| 3. Architecture of Proposed Radix-4 Multiplier|| |
The architecture of our proposed radix-4 multiplier circuits comprises partial product selectors, partial product pre-computation blocks, and half adder and full adder block, which is shown in [Figure 2]. In the radix-4 circuits, 2 bits per cycle will be considered. Therefore, 4 multiples, 0a, 1a, 2a and 3a, are pre-computed, where "a" is the multiplicand. This is done by the partial product pre-computed blocks, where 2a is simply the shifted version of "a", and 3a = 2a + 1a  . The pre-computation circuit for 3a consists of half adder and full adder blocks configured using the ripple carry adder (RCA) architecture. The half adder circuit is designed based on the CPL technique, and the full adder blocks are used with our proposed full adder circuit. Partial product selectors are formed by OR and AND gates, which are used to determine the partial products. By connecting all the pre-computation blocks and partial product selectors, a 4-to-1 multiplexer can be realized, as shown in [Figure 3]. The multiplexer is functioned such that the first 2 bits of the multiplier, x, will be grabbed to determine the first partial product and shifted to the next 2 bits of the multiplier to determine the successive partial products by repeating the same process. For a 4-bit radix-4 multiplier, two partial products will be generated. As a result, half of the number of partial products has been reduced compared to the normal 1-bit shift-add algorithm.
Before adding the partial product, all pre-computed partial products are ORed with each other, since
At the end, all partial products with proper shifts are connected to RCAs to compute the final output product of the radix-4 multiplier. To compare the performance of the radix-4 multipliers under the same condition, a Baugh-Wooley multiplier and carry save array multiplier were constructed using the CPL logic and the same half adder and full adder blocks used by the radix-4 multipliers. The multiplicand, "a", and multiplier, "x", are two inputs that are calculated in parallel by the multiplier circuit. A 4-bit binary number can be interpreted as a 2-digit radix-4 number, and radix-4 multiplication can be represented as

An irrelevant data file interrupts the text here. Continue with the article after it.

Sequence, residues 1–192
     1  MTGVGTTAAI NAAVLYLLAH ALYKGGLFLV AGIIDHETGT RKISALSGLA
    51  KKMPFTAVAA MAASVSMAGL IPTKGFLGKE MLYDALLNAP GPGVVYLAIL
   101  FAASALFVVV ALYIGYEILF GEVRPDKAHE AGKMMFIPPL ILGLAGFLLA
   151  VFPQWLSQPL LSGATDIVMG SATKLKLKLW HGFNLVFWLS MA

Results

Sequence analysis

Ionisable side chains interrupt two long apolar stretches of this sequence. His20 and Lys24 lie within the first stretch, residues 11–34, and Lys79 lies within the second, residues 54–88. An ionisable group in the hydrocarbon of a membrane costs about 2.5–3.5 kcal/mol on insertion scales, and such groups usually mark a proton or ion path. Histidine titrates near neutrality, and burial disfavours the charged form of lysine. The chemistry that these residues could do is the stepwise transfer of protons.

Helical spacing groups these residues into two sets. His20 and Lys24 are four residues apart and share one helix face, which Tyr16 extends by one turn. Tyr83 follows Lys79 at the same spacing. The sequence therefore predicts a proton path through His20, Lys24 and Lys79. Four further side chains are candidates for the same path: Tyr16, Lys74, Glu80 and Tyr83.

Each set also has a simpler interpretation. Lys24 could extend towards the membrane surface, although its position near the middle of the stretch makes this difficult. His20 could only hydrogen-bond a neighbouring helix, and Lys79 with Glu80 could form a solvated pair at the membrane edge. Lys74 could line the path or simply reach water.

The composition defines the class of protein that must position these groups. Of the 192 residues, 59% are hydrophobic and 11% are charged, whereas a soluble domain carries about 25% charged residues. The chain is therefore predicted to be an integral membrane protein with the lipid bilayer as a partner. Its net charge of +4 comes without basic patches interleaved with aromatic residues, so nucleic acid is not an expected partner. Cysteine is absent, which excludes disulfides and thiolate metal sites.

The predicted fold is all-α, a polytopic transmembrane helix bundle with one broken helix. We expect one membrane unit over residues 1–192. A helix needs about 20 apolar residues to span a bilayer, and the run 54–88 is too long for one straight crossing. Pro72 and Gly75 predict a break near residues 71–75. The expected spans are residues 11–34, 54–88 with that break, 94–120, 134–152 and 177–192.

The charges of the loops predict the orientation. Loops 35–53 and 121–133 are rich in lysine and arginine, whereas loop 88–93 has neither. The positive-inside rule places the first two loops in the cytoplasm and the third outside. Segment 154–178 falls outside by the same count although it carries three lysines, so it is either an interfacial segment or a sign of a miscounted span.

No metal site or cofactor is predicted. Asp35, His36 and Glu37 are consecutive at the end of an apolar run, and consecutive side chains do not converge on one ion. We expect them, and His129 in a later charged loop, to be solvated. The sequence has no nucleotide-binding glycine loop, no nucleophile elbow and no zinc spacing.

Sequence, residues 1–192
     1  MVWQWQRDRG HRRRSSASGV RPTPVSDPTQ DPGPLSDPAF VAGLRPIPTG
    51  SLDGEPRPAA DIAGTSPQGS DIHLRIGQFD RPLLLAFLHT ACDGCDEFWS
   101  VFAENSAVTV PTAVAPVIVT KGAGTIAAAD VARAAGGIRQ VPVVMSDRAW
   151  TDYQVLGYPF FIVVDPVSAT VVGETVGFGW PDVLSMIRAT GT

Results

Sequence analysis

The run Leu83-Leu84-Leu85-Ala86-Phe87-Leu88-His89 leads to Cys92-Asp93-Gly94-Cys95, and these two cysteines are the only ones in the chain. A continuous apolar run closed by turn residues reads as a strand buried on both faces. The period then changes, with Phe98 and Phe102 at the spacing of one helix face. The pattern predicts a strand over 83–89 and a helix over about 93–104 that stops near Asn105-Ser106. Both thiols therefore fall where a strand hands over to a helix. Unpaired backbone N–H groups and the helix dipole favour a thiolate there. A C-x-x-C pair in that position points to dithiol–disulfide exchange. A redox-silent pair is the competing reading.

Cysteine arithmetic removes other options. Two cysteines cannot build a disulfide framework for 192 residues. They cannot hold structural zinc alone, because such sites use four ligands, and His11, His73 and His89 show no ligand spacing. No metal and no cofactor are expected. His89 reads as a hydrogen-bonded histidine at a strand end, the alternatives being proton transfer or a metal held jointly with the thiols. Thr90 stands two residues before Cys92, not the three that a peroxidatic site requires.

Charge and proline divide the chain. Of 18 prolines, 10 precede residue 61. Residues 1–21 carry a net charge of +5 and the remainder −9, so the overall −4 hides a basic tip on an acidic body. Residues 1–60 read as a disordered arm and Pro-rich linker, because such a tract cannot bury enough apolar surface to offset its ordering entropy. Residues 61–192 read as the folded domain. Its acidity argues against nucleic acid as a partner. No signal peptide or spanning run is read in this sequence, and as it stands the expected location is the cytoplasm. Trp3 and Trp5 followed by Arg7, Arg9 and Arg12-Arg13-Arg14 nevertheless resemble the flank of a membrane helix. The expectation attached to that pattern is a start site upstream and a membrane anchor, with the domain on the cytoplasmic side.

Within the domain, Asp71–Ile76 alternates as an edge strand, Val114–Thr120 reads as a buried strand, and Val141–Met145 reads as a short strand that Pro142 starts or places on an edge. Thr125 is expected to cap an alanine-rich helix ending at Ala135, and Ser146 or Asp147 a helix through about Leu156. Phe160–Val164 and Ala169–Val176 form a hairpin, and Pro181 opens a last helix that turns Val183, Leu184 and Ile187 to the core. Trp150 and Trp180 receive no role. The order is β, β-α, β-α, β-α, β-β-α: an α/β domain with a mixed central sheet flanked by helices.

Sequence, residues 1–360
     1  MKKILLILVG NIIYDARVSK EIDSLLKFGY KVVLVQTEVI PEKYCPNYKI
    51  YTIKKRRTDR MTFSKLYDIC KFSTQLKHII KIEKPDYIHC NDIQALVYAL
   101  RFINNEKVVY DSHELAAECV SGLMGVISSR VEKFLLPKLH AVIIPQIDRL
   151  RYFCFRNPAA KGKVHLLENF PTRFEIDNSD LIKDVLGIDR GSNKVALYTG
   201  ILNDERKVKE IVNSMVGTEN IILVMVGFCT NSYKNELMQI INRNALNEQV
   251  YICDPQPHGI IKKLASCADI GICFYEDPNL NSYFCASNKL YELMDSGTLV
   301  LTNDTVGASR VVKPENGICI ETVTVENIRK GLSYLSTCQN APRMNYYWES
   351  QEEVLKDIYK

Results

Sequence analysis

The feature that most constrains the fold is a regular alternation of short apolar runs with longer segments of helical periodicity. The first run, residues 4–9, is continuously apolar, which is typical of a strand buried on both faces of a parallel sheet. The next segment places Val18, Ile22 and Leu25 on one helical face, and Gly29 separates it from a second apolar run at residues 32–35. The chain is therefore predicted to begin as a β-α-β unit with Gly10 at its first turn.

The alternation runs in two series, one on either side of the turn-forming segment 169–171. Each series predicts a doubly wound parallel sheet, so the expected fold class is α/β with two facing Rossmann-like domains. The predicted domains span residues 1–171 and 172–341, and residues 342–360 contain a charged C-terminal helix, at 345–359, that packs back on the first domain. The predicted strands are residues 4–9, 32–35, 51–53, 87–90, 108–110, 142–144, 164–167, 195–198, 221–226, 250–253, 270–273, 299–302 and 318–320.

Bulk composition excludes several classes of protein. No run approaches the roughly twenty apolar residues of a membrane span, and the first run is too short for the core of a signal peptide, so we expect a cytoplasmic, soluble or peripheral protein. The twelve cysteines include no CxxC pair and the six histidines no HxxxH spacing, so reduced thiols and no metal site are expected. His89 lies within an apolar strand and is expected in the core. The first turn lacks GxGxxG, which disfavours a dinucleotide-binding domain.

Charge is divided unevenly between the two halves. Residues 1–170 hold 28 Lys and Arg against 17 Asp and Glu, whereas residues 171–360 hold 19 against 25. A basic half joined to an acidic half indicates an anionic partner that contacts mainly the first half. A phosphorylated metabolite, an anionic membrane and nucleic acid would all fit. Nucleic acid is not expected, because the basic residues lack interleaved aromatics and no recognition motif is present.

where p = product, a = multiplicand and x = multiplier. Based on the multiplication recurrences above, a more practical example of radix multiplication is shown in [Figure 4]  . Without considering whether the 3a multiple will be needed during the multiplication, the 3a multiple is always computed at the outset and stored in a register for future use  .
| 4. Results and Discussion|| |
The radix-4 multiplier design was simulated using standard CMOS 0.35 μm, CMOS 0.25 μm, CMOS 0.18 μm and CMOS 0.12 μm feature sizes. The layout generated tool (Microwind 3) incorporated an estimated wire delay, and for this reason, the actual chip incorporation into might show some small variations on the timing presented in this section. Based on the highly modular design, the critical path defined the minimal clock period that could be applied to the pipeline method of radix multiplication. Other components in the design, such as the one responsible for the final reduction, can be pipelined to match the critical path delay. The comparison of the simulation results of our proposed 1-bit full adder cell with the proposed 1-bit adder cells by Chang et al.  and Massimo et al.  , in terms of power dissipation, propagation delay, power delay product (PDP) and area, is presented in [Table 1]. The proposed 1-bit full adder shows remarkable improvement in power dissipation, propagation delay and power delay product. Improvements around 50-90% in terms of power dissipation and 8-98% in terms of propagation delay are achieved compared to the full adders proposed by the other authors. Furthermore, the PDP is reduced by 60-99% compared to the other authors' proposed full adder. The only drawback is that the proposed full adders occupy a much larger area compared to the other authors' full adders. Our proposed 1-bit adder cell was implemented in 8 × 8 bit radix-4, Baugh-Wooley and CSA multipliers, and simulated results are shown in [Table 2]. The simulation was done for various feature sizes, namely, CMOS 0.35 μm, CMOS 0.25 μm, CMOS 180 nm and CMOS 120 nm and corresponding supply voltages of 3.5, 2.5, 2 and 1.2 V, respectively. [Table 1] shows the simulation results for power dissipation, propagation delay, PDP and area of the radix-4, Baugh-Wooley and CSA multipliers. Since the CSA representation of intermediate results was used, we observe that the word size does not affect the critical path. The results in [Table 3] show the dominant role of radix-4 multipliers. Compared with the multiplier circuits we designed for Baugh-Wooley and CSA multipliers, the radix-4 multiplier circuit has a better performance.